A few years ago a dear friend told me about how, when she knows she’s going to travel to a place, she likes to get novels that are set in that place and read them before, during, and after the trip. I couldn’t believe I had never thought of that. Mind = blown.
Since then, I’ve adopted the habit whenI travel. Fiction allows us to immerse ourselves in the local culture, landscapes, and historical context. Through vivid descriptions and compelling narratives, novels can transport us back in time, revealing the layers of history that have shaped a particular location. Whether it’s a classic novel set in the ancient streets of Rome or a contemporary tale unfolding in the vibrant neighborhoods of Tokyo, reading fiction while traveling helps us understand the nuances of a place, its people, and the events that have shaped its identity.
Of course, I share all this because, after three long years, I am finally doing some travel again this summer, which has me thinking about my TBR pile for the coming months.
I’m traveling to Denver for a dear friend’s bachelorette party at the end of this month.
For that trip I think I’ll read Butcher’s Crossing by John Williams. It’s described as “the story of Will Andrews, a young Bostonian and Harvard dropout, who instead of taking a year’s study abroad, is inspired by reading Emerson and others to come West in the early 1870s to Colorado — both to find himself and to explore America’s great frontier.” Sounds great.
In early July we’re finally traveling back down to Ecuador for a long overdue visit with my husband’s family there.
For that (very long) plane ride, I’ll be bringing The Queen’s Necklace by Teresa Proença. I love old town Quito and this novel is said to “transport readers to the 16th-century Quito during the Spanish colonial era. The story revolves around the stolen necklace of Inca Atahualpa and the quest to recover it, intertwining the history and folklore of the region.” Delicious.
In early August we’ll be traveling up to visit my dad for his 80th birthday. He moved to Port Townsend recently, on the Olympic peninsula, so I’m thinking The Loop by Nicholas Evans. It’s described as “the story of a wildlife biologist investigating a series of wolf attacks, while delving into themes of conservation, family dynamics, and the power of nature.”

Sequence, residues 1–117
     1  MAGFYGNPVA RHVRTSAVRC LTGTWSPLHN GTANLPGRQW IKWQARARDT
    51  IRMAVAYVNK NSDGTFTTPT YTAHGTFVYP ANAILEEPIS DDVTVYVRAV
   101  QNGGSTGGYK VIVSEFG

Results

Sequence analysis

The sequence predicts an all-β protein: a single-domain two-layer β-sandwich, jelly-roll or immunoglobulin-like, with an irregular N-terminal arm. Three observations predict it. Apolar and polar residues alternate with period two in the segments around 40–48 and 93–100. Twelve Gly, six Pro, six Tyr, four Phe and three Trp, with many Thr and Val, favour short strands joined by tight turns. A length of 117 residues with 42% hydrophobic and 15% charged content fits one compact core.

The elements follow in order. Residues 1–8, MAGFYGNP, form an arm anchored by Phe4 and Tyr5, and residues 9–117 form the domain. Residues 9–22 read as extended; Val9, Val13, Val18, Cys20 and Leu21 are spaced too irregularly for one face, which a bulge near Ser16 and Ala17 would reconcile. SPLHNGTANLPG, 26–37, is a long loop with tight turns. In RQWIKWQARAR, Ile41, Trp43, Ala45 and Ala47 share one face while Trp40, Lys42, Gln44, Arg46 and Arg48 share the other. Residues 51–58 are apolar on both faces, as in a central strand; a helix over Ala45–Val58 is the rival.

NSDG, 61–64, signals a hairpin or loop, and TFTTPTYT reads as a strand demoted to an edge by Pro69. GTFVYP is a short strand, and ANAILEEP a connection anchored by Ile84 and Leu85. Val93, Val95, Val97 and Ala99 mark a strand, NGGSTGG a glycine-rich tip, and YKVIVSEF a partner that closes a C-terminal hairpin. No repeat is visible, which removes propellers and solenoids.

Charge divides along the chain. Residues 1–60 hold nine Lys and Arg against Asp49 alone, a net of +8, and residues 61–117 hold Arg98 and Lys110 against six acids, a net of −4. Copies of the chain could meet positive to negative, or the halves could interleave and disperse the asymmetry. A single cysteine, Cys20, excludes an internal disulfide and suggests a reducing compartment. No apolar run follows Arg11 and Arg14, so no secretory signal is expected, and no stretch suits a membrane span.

Australia and New Zealand
If you know anything about me, you know I married into a soccer family. Every four years we do a big family trip to where ever the Women’s World Cup is happening. This time around, it’s Australia and New Zealand and while I ABSOLUTELY intend to rewatch the Lord of the Rings trilogy on the plane, I’m also packing the Kindle.
For New Zealand I’m thinking Whale Rider by Witi Ihimaera (“This poignant novel follows a young Maori girl named Kahu who defies cultural expectations and strives to become the leader of her tribe. Set in a coastal community in New Zealand, the book beautifully explores themes of tradition, heritage, and female empowerment.”)
And for Australia, maybe Cloudstreet by Tim Winton (“This award-winning novel tells the story of two working-class Australian families who share a house in Perth for two decades. Through their experiences and interactions, the novel captures the spirit of post-war Australia and explores themes of family, identity, and the search for meaning.”)
An Awesome List
Looking over this list, I’m almost as excited about the books as I am the travel. I mean, there’s a lot here to savor.
Of course, I’m open to suggestions and would love, love, love to hear from anyone out there who has a connection to any of these places and could make a more informed recommendation.
If you’ve got thoughts, drop them below in the comments. And thanks!